Reading labels can be confusing, especially when so many of the ingredients are unfamiliar. In general, it’s best to avoid packaged and processed foods that have long strings of ingredients that you cannot identify or pronounce. At first glance, that cracker or ketchup may look like it doesn’t have any sugar in it, but don’t be fooled. Everything on this chart is a form of sugar, is contained in products you wouldn’t think would be sweetened at all, and many are far worse for you than table sugar alone.
When it comes to commercially added sweeteners, high fructose corn syrup is often the one that gets singled out. The current GI of HFCS is not available, but it is estimated that it does not vary significantly from other forms of refined sugar (65–72), and therefore on that basis alone should be avoided in favor of less refined products with established lower GI ratings.
Maltodextrin, on the other hand, skyrockets off the GI chart, with GI values varying from 105 up to 150 depending on how it is produced. Maltodextrin is not as sweet as sugar and it contains fewer calories. It is most commonly used as a thickener or filler, especially in calorie-reduced products. You will find maltodextrin listed in all kinds of processed foods including powdered gravy, salad dressing, instant pudding and other desserts, sports nutrition bars and beverages, sauces, etc. Maltodextrin supplements are also available and are commonly used among body-builders and other elite athletes to provide quick energy during a strenuous workout. The extremely high GI of maltodextrin is what makes it so effective in these athletic applications, but for most of us regular consumption of maltodextrin may not be the best choice for our bodies. Maltodextrin is also not advised for anyone with diabetes or hypoglycemia.
All sugar alcohols score extremely low on the Glycemic Index and you will generally find them as the primary sweetening ingredients in diabetic foods, gum, mints, and toothpaste. However, of all the sugar alcohols, xylitol is the only one that has been demonstrated to actually aid in the prevention of tooth decay.
When choosing a toothpaste, mint, or gum, we always recommend that you seek out a product that lists xylitol as one of the top three ingredients before any other form of sugar.
Xylitol is also available in granulated form and can be used 1:1 as a substitute for table sugar. However, as with all sugar alcohols, large quantities of xylitol can lead to digestive problems, mostly in the form of diarrhea.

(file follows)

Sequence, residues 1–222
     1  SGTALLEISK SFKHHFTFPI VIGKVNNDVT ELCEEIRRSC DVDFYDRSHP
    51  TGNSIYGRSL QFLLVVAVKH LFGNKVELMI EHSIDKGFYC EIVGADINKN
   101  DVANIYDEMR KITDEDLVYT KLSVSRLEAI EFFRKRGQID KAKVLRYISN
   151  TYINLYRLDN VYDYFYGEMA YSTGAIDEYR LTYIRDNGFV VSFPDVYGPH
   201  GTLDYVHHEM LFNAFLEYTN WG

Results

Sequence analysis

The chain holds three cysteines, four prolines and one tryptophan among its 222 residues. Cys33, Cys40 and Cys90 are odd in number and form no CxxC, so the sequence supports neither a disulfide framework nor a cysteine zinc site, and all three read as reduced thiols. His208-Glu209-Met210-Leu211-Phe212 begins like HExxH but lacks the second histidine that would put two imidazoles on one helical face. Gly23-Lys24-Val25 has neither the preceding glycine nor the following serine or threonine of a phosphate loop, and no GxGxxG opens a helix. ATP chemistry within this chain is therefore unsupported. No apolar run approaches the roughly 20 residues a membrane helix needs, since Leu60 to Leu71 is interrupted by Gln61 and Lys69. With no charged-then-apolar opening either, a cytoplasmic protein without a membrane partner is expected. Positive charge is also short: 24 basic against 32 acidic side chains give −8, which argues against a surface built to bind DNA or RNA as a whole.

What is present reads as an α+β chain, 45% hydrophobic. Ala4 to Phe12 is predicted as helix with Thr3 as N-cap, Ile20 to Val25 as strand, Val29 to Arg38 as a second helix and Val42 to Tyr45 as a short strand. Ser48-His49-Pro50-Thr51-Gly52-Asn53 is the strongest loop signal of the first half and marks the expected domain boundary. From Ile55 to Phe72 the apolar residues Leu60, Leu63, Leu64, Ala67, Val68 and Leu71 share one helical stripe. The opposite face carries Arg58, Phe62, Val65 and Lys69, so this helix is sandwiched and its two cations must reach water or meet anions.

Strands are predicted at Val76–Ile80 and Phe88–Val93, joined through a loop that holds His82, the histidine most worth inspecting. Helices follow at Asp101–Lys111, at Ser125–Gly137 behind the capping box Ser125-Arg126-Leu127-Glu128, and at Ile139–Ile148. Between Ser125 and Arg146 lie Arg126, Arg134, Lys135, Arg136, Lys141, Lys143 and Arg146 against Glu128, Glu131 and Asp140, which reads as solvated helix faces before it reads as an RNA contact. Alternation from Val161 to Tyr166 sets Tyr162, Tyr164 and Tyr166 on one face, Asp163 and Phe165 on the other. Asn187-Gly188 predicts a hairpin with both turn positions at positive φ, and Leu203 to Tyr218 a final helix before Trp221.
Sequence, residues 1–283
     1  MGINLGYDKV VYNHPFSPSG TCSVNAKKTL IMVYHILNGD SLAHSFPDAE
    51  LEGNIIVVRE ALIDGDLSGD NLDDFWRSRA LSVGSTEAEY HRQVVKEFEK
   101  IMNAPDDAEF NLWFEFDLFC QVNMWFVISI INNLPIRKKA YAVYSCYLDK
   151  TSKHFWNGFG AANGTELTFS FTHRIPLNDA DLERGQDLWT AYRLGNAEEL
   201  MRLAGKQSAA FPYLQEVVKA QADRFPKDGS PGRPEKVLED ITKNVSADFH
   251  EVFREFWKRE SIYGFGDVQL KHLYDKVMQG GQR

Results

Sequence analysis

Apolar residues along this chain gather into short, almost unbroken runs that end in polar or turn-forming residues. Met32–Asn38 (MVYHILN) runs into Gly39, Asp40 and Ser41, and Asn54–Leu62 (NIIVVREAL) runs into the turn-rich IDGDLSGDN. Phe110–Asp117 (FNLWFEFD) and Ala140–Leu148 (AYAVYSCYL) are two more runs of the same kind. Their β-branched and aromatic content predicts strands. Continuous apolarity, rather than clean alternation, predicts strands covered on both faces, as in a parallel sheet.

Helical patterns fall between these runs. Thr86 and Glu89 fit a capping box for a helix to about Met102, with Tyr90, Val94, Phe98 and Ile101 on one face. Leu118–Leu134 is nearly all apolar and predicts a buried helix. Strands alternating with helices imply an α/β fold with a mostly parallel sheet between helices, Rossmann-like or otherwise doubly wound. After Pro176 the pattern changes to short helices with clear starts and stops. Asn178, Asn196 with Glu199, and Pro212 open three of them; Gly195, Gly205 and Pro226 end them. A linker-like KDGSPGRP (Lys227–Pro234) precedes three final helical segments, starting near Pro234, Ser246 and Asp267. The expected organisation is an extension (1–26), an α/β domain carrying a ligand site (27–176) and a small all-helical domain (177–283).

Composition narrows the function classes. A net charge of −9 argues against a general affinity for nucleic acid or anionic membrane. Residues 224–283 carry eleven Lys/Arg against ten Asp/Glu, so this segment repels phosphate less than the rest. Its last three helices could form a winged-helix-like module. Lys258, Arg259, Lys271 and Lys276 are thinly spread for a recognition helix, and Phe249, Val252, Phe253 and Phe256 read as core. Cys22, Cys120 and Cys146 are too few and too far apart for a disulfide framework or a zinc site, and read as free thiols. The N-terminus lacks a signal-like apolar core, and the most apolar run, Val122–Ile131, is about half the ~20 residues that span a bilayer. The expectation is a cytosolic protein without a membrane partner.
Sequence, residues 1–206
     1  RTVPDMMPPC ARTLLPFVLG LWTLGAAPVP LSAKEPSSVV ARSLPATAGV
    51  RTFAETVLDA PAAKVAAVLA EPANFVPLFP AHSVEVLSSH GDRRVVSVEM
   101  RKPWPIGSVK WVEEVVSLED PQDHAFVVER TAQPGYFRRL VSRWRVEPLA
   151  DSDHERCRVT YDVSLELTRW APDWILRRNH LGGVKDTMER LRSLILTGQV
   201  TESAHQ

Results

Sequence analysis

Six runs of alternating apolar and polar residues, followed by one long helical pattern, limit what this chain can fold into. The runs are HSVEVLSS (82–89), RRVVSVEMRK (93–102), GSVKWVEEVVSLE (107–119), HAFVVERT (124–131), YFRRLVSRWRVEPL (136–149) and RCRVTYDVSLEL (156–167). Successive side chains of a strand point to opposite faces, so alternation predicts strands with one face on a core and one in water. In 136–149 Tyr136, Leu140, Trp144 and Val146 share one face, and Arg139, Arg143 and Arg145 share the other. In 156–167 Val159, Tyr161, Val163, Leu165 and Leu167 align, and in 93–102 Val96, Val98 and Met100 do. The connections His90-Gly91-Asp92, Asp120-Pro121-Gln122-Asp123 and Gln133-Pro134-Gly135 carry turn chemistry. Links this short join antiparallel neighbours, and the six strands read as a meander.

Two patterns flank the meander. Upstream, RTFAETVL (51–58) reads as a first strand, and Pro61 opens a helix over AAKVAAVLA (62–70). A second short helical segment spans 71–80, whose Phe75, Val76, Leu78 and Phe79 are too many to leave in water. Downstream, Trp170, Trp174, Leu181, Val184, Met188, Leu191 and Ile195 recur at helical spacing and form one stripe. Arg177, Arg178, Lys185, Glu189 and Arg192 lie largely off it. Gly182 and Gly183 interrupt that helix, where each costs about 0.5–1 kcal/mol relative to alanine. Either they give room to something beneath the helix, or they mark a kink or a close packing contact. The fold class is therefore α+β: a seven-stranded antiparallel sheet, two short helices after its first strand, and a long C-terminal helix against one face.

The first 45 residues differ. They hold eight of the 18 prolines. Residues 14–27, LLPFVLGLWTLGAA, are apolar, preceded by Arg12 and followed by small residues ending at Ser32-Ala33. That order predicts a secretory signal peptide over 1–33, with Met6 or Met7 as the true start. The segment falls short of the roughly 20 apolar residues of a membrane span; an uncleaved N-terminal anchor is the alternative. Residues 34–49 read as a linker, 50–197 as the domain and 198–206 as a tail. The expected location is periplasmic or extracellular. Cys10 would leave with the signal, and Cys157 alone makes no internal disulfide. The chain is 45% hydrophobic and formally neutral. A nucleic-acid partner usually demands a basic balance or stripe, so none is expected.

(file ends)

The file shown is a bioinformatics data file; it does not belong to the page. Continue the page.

When making recipe substitutions for table sugar, always use xylitol in moderation, and always combine it with other low GI sweeteners to equal the original amount of sugar required in the recipe.
Note: Xylitol is poisonous to dogs.
Artificial sweeteners are designed to have zero calories, which automatically puts them at zero on the GI. But are these sweeteners really worth it?
Some studies are now showing that using artificial sweeteners may actually increase cravings for sweetness. Also, most artificial sweeteners are used in combination with extremely acidic flavor enhancers. Those zero-calorie drinks may not be putting weight on you, but they are bathing your teeth and your body in concentrated forms of acid. This acidic environment in the mouth and in the body creates the perfect environment for pathogenic bacteria to breed.
Making Healthier Choices
If you have a sweet tooth, sometimes it can be hard to make the switch to a lower-glycemic sweetener. Not all of them are as sweet as sugar, and the taste itself can vary from product to product. In the beginning, make small changes your goal.
As you work to eliminate high-glycemic sweeteners from your diet, you may also be surprised at how good you feel and your increased level of energy. Some aches and pains you may have attributed to age and arthritis might even begin to disappear.
Common Pitfalls for You and Your Family
Chewable and gummy vitamins can often be overloaded with sugar and acid. They also tend to stick to the teeth, increasing the potential for damage over time.
When choosing vitamins for your children, consult with your pediatrician about the possibility of switching to a liquid multivitamin. Many brands use low-glycemic sweeteners, and while they still generally have a good deal of citric acid in them, they won’t stick to the teeth the way gummies and chewables will.
No matter where you purchase your morning latte or blended caffeinated beverage, be mindful of the added sugars. Most national and independent coffee houses use syrups and other sugar-laden additives to sweeten and enhance the flavors of their drinks.
If you purchase one or more of these beverages per week, do your research. Find out what the ingredients actually are, either by asking your barista or checking online. You may be surprised by what you will find. There are always alternatives, even when ordering something from a large coffee chain. Here are some ideas:
The more control you have over the amount and type of sweeteners you ingest throughout the day, the better. It’s easier on your wallet, and your body will thank you for it.
Harvard School of Public Health: Added Sugar in the Diet
University of Sydney: The Glycemic Index
American Journal of Clinical Nutrition: International Table of Glycemic Index and Glycemic Load Values
Mayo Clinic: What are the Health Concerns about High Fructose Corn Syrup?
DiabetesHealth: The Dangers of High Fructose Corn Syrup
Sugar and Your Body
Is Sugar Toxic?
Drinks That Eat Teeth
The Acid Test